The Eagle in Clerkenwell, the first pub to which the term "gastropub" was applied

A gastropub (sometimes referred to as a gastrolounge or in the United States as a gastrobar) is a hybrid pub, bar and restaurant, notable for serving alcoholic drinks and food.[1] The term was coined in the 1990s, although similar brewpubs existed during the 1980s.


The term "gastropub" was coined in 1991,[2][3] when David Eyre and Mike Belben took over The Eagle pub in Clerkenwell, London.[2][3] Traditionally, British pubs were drinking establishments and little emphasis was placed on the serving of food.[4] If pubs served meals they were usually basic cold dishes such as a ploughman's lunch.[5]

The concept of gastropubs largely redefined both pub culture and British dining,[3] and has occasionally attracted criticism for potentially removing the character of traditional pubs.[2] "Pub grub" expanded to include British food items such as steak and ale pie, shepherd's pie, fish and chips, bangers and mash, Sunday roast, ploughman's lunch, and pasties. In addition, dishes such as hamburgers, chips, lasagne and chili con carne are now often served.[6][7]

In August 2012, "gastropub" was added to Merriam Webster's Collegiate Dictionary.[8]


The Fox in Dalston, London

In 1984 Spinnakers Brew Pub opened in Victoria, British Columbia, Canada. The first ever custom-built brewpub in Canada, it heralded a new wave of brewpubs and craft breweries in British Columbia that followed a major deregulation of the brewing industry in that province.[9] Spinnakers served inventive cuisine, and Joseph Blake of Eat magazine claims it as the world's oldest gastropub.[10]

The gastropub phenomenon took off in the United States in the early 1990s at gastropubs such as Dhillons by Chef Matt Dhillon in Las Vegas. Later, there were such places as Dev Dugal's The Redwood Bar in downtown Los Angeles; Red Table in Huntington Beach, California; and restaurateur and chef Sang Yoon's Father's Office,[11][12] which had what Esquire magazine called one of the best burgers in the world.[13] Other gastropubs include Ford's Filling Station in Culver City, a gastropub run by actor Harrison Ford's son Ben Ford;[14] Brickyard;[15][16] The Spotted Pig in Manhattan;[17] The Wobbly Olive in Long Island, New York;[18] Serena Sicilian-influenced Gastropub in Durham, North Carolina; and The Monk's Kettle in San Francisco.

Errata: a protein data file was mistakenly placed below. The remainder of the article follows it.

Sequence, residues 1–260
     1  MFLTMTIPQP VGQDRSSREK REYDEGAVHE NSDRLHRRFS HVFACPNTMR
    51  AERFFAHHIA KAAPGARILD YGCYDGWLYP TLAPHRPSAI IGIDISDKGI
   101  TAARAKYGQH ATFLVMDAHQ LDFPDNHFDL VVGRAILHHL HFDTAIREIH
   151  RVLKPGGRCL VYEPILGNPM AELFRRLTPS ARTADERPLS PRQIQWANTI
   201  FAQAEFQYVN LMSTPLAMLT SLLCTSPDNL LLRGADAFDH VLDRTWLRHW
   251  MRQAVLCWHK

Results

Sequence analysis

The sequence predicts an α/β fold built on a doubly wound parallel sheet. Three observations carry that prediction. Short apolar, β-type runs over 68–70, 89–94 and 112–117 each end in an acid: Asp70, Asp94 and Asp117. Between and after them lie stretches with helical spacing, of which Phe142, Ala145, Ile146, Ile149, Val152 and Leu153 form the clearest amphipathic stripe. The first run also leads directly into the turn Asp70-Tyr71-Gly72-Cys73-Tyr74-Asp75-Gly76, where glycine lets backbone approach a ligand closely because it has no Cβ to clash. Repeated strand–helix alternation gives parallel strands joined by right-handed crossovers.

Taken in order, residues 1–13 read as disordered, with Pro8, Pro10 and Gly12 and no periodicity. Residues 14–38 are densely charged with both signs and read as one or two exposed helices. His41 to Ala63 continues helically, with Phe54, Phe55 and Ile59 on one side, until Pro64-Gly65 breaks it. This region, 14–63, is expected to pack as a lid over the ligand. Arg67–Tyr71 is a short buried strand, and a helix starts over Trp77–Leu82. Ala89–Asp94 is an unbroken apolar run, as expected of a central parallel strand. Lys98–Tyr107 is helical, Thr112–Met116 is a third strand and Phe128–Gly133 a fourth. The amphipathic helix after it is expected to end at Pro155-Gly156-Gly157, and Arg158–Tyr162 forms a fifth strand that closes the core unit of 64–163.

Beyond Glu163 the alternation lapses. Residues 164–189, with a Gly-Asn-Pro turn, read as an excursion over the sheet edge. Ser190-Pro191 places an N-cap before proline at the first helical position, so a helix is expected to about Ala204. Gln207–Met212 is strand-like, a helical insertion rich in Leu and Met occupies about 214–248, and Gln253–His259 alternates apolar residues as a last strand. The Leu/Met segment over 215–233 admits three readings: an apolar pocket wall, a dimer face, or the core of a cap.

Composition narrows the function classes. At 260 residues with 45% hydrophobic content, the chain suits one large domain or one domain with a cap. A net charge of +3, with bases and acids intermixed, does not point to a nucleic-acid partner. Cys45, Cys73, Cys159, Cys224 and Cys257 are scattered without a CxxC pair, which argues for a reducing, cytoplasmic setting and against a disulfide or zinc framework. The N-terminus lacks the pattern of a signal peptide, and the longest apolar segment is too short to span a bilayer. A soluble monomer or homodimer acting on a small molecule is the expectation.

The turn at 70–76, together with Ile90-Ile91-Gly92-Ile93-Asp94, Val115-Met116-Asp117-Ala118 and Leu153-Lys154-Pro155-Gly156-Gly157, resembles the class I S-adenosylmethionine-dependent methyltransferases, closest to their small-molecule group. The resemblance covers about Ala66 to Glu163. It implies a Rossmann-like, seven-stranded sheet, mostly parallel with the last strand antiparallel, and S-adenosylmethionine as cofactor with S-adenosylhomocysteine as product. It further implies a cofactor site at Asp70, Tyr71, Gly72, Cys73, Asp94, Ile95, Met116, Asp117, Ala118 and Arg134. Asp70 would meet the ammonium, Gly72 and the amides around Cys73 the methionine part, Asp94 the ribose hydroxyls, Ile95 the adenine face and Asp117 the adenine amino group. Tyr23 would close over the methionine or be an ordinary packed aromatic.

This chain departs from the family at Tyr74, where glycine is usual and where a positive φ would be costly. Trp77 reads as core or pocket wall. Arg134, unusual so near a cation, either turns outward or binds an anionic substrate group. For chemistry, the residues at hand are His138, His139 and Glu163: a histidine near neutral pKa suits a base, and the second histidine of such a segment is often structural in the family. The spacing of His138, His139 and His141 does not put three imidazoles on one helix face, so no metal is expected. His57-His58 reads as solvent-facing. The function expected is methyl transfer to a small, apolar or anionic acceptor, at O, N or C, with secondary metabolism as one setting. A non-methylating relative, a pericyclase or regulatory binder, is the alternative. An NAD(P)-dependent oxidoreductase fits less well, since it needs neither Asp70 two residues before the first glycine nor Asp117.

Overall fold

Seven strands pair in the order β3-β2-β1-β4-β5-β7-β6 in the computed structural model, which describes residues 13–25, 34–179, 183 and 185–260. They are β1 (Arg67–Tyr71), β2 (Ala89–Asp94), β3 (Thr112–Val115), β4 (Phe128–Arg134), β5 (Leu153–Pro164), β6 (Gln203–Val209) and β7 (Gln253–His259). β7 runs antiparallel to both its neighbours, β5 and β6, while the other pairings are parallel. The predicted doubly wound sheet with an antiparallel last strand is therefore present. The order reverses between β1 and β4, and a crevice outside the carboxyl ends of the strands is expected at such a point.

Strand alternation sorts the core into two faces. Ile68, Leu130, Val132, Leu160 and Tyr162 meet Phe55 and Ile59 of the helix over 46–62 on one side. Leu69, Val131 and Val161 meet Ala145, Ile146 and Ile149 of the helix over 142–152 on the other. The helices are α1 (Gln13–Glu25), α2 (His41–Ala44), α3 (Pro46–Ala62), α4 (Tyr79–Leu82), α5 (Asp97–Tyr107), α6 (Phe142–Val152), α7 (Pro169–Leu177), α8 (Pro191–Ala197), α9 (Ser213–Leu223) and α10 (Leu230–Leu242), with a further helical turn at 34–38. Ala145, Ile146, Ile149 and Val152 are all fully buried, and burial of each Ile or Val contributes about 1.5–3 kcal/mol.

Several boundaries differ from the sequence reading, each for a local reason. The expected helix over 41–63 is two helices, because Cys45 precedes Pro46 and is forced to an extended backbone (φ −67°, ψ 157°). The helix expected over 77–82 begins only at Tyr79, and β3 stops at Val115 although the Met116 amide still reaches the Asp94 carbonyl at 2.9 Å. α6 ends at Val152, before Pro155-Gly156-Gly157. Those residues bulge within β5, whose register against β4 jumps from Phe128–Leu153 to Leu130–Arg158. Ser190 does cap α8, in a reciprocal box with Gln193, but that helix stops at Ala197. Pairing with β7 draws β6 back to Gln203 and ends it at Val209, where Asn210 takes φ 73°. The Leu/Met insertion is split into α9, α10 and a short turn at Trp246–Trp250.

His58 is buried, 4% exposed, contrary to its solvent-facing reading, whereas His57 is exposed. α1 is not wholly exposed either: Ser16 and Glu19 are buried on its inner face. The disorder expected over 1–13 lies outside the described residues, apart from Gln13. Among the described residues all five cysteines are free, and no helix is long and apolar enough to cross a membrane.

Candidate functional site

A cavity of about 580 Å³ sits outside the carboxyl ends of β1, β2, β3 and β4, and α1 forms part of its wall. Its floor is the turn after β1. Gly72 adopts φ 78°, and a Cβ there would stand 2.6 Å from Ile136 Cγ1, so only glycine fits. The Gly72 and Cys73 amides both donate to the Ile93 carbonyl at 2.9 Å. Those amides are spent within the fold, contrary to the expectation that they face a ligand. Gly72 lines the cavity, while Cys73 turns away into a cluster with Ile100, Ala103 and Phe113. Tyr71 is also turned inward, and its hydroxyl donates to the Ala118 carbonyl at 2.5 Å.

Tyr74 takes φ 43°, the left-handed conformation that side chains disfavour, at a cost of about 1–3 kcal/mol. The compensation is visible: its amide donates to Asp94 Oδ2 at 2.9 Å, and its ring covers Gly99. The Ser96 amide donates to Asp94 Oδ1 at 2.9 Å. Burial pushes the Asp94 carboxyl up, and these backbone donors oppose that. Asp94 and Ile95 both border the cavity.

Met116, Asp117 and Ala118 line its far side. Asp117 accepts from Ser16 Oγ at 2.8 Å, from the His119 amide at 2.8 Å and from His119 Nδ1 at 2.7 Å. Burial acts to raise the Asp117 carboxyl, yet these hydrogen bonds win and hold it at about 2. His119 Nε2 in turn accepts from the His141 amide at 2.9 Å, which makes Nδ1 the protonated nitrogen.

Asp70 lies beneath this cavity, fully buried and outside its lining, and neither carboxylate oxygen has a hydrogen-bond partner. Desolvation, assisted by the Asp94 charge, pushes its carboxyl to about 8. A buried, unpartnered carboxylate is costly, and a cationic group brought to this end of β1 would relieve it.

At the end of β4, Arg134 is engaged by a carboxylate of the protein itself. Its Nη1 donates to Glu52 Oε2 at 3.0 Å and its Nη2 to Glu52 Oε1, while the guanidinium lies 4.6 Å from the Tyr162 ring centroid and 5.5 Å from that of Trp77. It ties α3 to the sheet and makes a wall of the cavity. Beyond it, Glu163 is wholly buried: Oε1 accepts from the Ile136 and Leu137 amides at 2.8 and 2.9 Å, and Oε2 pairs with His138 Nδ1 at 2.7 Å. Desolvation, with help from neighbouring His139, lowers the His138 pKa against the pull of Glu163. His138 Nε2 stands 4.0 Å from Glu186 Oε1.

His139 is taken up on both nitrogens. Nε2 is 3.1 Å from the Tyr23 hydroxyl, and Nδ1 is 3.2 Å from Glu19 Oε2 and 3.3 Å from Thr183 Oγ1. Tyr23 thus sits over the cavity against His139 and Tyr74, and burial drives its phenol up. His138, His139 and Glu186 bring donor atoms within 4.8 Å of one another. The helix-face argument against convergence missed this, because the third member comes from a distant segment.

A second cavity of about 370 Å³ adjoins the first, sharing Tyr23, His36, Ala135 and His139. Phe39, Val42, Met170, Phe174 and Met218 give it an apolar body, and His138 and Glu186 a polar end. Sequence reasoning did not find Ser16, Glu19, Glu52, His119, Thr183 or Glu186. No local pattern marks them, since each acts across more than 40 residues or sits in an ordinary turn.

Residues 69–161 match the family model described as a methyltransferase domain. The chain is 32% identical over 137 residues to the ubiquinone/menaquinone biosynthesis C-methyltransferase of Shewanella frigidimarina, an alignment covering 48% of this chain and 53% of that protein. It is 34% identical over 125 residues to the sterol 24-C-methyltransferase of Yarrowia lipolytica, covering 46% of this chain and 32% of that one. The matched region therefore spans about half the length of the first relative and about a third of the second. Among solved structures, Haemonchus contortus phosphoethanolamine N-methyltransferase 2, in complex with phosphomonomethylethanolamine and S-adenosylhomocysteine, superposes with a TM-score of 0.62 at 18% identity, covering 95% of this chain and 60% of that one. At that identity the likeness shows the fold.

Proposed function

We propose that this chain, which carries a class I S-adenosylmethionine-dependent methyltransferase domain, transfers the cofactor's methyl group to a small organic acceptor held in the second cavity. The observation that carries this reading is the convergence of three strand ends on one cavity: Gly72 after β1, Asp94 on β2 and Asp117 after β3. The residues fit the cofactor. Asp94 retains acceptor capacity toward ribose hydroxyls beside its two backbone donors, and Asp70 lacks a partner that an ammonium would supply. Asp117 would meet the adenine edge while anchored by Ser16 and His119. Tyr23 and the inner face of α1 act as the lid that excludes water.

There are several gastropubs in Norway: Kick Malt & Mat,[19] The Crossroad Club[20] in Oslo, Grünerløkka Brygghus[21] in Oslo, Montys Gastropub in St Catharines,[22] and the chain Heim,[23] with open pubs in Lillehammer and Oslo, and a third location in Gjøvik in planning.

See alsoEdit


  1. ^ Farley, David (24 May 2009). "New York Develops a Taste for Gastropubs". The Washington Post.
  2. ^ a b c Norrington-Davies, Tom (24 November 2005). "Is the gastropub making a meal of it?". The Daily Telegraph. London. Retrieved 10 July 2008.
  3. ^ a b c "American gastropub: what's in a name?". Art Culinaire. The Free Library. Spring 2007. Archived from the original on 13 May 2008. Retrieved 23 July 2008.
  4. ^ "Pub Food". Retrieved 26 June 2009.
  5. ^ "Ploughman's Lunch - Icons of England". 16 July 2007. Archived from the original on 14 April 2009. Retrieved 26 June 2009.
  6. ^ Better Pub Grub
  7. ^
  8. ^ "A Sample of New Dictionary Words for 2012". Retrieved 16 August 2012.
  9. ^
  10. ^ Blake, Joseph, "Victoria's Pub Revolution", Eat (Vol 18, No 5, October 2014), pp 14-15 (
  11. ^ LA Weekly
  12. ^ Time Out
  13. ^ Iwata, Edward (9 June 2008). "Chef Sang Yoon makes his mark with beer and burgers". USA Today. Retrieved 16 October 2009.
  14. ^ The Los Angeles Times
  15. ^ The New York Times
  16. ^ The Village Voice
  17. ^ New York Times
  18. ^ The Wobbly Olive
  19. ^
  20. ^ "Oslos første gastropub". Archived from the original on 9 March 2012. Retrieved 2 February 2012.
  21. ^ Grünerløkka Brygghus
  22. ^ [1]
  23. ^ [2]